What is PCOS?
Polycystic ovary syndrome is a condition that affects woman’s hormone levels where they produce higher-than-normal amounts of male hormones. It affects women during their childbearing years (ages 15 to 44) where up to 26% of women in this age group have PCOS. However, many of them don’t know about it and up to 70 percent of women with PCOS hadn’t been diagnosed. It is not clear exactly what causes PCOS. They believe it might arise from factors such as genes, insulin resistance, and higher levels of inflammation in the body.
Common symptoms of PCOS:
Some women might show symptoms
around the time of their first period. Others might discover they have PCOS after they’ve gained a lot of weight or they’ve had trouble getting pregnant. However, the most common PCOS symptoms are:
Women can get irregular periods due to lack of ovulation which prevents shedding of the womb lining every month. They might get less than eight periods a year.
Women who don’t ovulate regularly don’t release as many eggs to be fertilized. PCOS is one of the leading causes of subfertility in women.
The periods you get can be heavier than normal as the lining of the womb builds up for a longer period of time.
This mean excess hair growth on the face and body including back, belly, and chest. This affect approximately 70% of women.
Excess male hormones affect the skin and cause breaks on areas like the face, chest, and upper back.
About 80 % of women with PCOS are overweight or obese.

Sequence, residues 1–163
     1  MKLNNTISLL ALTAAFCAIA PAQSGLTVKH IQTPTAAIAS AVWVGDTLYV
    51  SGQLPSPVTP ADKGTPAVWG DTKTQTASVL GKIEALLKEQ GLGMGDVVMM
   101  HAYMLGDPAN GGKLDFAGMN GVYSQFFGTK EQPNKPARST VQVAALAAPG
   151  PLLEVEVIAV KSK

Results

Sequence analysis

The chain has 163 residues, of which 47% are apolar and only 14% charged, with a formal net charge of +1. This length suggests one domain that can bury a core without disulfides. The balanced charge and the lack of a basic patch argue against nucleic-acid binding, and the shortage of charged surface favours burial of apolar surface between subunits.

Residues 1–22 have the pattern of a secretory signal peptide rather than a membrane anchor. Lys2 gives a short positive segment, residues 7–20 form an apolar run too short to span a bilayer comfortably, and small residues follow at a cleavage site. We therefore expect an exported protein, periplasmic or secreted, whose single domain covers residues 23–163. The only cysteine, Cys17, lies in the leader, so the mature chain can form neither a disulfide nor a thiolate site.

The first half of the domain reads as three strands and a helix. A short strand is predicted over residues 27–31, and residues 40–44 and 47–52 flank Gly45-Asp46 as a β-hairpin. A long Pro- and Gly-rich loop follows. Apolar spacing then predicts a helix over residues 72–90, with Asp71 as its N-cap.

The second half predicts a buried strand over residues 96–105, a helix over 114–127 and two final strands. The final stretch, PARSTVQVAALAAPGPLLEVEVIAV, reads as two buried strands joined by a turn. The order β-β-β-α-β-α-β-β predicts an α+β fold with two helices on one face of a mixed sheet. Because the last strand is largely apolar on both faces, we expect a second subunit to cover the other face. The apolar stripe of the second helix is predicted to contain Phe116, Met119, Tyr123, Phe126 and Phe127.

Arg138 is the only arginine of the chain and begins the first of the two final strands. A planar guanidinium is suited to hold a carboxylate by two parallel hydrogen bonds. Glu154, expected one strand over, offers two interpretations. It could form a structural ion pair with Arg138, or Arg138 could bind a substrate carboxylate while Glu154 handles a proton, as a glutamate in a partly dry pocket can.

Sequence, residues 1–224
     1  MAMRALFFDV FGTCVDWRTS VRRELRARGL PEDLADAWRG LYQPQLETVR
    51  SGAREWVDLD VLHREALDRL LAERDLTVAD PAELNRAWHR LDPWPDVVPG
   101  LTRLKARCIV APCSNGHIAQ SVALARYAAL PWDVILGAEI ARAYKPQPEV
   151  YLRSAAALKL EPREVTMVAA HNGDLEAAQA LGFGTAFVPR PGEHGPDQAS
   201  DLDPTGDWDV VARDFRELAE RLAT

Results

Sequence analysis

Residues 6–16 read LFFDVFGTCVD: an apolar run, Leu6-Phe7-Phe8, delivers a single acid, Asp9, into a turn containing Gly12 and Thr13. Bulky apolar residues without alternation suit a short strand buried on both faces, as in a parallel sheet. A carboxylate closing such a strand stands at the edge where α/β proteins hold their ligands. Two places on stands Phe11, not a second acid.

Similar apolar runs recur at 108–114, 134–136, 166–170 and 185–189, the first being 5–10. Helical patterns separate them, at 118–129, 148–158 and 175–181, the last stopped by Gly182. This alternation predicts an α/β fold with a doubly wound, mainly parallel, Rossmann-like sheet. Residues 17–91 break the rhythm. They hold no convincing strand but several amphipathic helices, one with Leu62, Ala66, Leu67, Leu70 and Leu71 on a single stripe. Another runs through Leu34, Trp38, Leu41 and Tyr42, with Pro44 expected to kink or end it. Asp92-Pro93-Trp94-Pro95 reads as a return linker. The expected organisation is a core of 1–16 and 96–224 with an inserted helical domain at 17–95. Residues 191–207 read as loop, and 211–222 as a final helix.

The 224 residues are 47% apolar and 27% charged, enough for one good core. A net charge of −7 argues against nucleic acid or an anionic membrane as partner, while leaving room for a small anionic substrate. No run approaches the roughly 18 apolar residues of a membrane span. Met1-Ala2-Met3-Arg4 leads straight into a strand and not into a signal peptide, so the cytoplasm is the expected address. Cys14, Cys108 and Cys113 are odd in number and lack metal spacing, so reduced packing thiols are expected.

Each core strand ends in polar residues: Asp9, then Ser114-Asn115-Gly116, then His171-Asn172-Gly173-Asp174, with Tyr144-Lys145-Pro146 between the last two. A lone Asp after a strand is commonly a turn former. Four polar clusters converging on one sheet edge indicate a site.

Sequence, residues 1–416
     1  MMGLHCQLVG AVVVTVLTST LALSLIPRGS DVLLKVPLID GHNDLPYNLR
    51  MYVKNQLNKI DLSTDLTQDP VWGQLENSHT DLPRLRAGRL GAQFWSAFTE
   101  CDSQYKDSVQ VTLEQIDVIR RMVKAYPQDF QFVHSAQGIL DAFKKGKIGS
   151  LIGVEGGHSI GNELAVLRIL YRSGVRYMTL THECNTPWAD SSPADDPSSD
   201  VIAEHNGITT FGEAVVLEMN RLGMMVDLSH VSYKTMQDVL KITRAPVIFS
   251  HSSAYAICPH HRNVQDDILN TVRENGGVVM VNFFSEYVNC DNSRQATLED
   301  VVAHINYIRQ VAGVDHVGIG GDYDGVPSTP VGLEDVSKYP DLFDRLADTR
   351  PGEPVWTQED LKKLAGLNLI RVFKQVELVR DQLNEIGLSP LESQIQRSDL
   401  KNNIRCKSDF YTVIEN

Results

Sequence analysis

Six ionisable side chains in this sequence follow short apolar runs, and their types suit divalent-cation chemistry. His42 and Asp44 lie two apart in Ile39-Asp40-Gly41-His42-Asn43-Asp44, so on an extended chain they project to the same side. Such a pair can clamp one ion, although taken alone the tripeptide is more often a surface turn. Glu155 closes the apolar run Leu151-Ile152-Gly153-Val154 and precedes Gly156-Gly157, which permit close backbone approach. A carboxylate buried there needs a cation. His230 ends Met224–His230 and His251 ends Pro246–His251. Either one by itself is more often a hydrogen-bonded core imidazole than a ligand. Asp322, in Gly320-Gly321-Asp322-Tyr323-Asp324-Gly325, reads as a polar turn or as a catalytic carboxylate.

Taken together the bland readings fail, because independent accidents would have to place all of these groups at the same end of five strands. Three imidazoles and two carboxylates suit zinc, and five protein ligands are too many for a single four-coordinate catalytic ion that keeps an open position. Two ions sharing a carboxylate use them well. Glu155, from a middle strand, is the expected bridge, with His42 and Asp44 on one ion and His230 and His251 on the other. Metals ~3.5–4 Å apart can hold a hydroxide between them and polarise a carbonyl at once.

Hair on the scalp gets thinner and fall out.
Hair growth or Hirsutism:
This is due to hormone fluctuation which trigger headaches sometimes.
How PCOS affects your body:
Having high androgen levels can affect your fertility in addition to the other
aspects of your health. This include the following
Up to 80 percent of women with PCOS are overweight or obese. Both obesity and PCOS increase your risk for high blood sugar, low HDL (“good”) cholesterol, and high LDL (“bad”) cholesterol. All this would increase the risk for heart disease, diabetes and stroke.
During ovulation, the uterine lining sheds. If you don’t ovulate every month, the lining can build up. As a result of anovulation, A thickened lining of your womb can increase your risk for Endometrial cancer
Both hormonal changes and symptoms like excess hair growth can negatively affect your emotions. Many with PCOS would experience depression and anxiety.
How PCOS is diagnosed ?
- High androgen levels
- Irregular Periods
- Cysts in the ovaries
At Venus Women Health clinic, we can help you by taking the full history, Performing Pelvic examination to look for any problems with your ovaries or other parts of your reproductive tract. We can arrange further blood tests to check your hormonal level and to asses your cholesterol level, insulin, and triglyceride levels. This is important to evaluate your risk for related conditions like heart disease and diabetes. We can arrange also an ultrasound to check your ovaries and confirm the diagnosis.
You can contact us to book a consultation or PCOD testing appointment on 02073900260/ 02033030238 or email email@example.com